For better or worse, you decide, the FCC is challenged when adopting policies or making decisions that impact enterprise customers. This is the first of two entries on enterprise customers and the FCC.
Open Internet Order. With no explanation, the FCC excluded high speed Internet access service sold to enterprise customers from the rules adopted last year in its Open Internet Order. These customers do not benefit from the bright line rules, principally the rule that ISPs not block publication of or access to lawful Internet content, and the broadband Customer Proprietary Network Information (“CPNI”) rules. By including mobile broadband service in the definition of regulated, mass market Broadband Internet Access Service (“BIAS”), the FCC appears to be saying that the Open Internet rules apply only when employees purchase wireless service directly, but not when purchased under enterprise wireless agreements.Assuming the Open Internet Order survives judicial review, the merits of two regulatory regimes for the same service will be determined in the marketplace.
Special Access Service Investigations. Since at least 2002, the FCC has been investigating—with varying degrees of focus—whether the rates charged by the price cap ILECs for special access services (principally DS-1 and DS-3) are or are not “just and reasonable” under Title II of the Communications Act. (In other words, are special access rates too high?) The high water mark came in 2012 when the FCC suspended its rules granting price cap ILECs special access pricing flexibility because the FCC determined that the “collocation triggers [for pricing flexibility] are a poor proxy for the presence of competition sufficient to constrain special access prices.” To assess the extent of competition, the FCC sought data on both TDM and Ethernet-based dedicated access services. With data collection now complete, the FCC and services providers are engaged in a lengthy data review process.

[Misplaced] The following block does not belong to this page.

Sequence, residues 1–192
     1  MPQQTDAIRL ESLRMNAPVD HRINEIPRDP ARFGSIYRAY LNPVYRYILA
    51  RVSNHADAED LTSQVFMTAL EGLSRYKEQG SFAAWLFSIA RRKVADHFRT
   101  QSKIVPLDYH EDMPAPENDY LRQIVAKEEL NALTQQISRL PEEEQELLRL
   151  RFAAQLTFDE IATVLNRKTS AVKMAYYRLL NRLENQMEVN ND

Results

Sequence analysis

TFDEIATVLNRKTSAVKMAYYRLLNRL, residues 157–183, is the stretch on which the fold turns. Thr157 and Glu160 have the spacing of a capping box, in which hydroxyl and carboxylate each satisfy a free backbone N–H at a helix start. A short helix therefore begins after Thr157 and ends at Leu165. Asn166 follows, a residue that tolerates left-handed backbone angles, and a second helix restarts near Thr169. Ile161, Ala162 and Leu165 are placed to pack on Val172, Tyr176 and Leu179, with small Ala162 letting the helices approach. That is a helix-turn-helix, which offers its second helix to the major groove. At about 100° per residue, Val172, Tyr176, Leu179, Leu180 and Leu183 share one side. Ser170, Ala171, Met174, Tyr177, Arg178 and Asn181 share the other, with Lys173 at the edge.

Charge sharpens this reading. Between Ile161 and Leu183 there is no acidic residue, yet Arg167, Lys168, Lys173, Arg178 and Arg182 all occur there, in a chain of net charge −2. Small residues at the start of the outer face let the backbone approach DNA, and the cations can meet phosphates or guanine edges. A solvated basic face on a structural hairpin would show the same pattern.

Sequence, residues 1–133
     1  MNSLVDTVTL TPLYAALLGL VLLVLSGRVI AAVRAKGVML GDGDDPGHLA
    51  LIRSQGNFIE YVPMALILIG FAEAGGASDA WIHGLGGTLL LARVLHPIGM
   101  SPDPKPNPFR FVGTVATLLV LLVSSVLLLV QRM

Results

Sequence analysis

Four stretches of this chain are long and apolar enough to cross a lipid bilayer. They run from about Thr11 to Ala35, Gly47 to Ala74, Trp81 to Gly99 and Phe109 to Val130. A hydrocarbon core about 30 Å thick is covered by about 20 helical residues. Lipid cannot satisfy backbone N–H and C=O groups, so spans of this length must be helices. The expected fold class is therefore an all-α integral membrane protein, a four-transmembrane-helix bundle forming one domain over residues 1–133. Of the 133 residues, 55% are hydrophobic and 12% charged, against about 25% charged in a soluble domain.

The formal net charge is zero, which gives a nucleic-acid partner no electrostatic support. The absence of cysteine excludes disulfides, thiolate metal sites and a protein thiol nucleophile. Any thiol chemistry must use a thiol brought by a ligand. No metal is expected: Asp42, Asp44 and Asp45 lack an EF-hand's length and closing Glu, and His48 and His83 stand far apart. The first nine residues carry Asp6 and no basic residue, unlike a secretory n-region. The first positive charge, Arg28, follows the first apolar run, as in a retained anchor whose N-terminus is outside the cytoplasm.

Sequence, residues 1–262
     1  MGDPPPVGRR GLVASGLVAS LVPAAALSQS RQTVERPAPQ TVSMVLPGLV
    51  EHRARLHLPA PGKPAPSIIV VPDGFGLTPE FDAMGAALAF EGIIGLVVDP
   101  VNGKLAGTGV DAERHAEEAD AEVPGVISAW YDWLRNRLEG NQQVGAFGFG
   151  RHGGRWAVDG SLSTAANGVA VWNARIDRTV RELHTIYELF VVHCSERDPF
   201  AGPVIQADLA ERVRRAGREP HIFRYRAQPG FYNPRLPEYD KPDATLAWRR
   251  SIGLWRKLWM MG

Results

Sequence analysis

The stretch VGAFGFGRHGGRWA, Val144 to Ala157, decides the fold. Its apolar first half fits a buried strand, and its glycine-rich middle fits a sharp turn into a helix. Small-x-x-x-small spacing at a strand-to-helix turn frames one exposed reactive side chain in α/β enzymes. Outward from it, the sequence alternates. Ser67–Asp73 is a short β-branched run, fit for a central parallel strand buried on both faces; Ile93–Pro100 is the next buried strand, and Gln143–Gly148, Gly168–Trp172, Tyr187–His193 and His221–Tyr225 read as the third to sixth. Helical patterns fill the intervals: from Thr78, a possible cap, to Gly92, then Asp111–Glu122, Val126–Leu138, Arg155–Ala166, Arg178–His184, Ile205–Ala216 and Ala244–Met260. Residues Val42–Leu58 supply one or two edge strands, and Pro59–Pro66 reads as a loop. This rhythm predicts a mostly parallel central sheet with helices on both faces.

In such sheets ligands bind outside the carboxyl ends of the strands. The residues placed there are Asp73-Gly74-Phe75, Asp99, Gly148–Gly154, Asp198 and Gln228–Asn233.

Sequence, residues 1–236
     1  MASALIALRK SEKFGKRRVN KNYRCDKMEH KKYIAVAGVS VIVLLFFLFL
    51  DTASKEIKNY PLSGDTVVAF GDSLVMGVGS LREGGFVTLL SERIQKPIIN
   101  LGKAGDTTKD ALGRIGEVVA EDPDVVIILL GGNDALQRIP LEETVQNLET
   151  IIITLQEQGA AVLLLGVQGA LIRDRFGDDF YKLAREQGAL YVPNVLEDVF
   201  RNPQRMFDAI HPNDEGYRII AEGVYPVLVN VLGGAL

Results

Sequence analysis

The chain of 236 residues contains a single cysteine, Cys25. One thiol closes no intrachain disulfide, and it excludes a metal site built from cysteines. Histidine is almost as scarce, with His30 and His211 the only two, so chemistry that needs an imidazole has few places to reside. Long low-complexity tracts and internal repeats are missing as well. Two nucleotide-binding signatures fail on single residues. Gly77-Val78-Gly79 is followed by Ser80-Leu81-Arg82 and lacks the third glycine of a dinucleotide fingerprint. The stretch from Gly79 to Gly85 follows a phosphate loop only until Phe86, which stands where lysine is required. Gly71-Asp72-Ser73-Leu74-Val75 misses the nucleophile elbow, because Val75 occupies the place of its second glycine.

Concerns raised by competing carriers prompted the FCC in 2015 to open another proceeding to investigate price cap carrier special access tariff pricing plans. The FCC noted that the competing carriers allege these pricing plans “incorporate a complicated web of all-or-nothing bundling, loyalty and term commitments, complex enforcing penalties, circuit migration rules and other provisions.”
That the FCC recognizes special access pricing is problematic is positive. The remaining questions are whether, when and how the FCC will respond.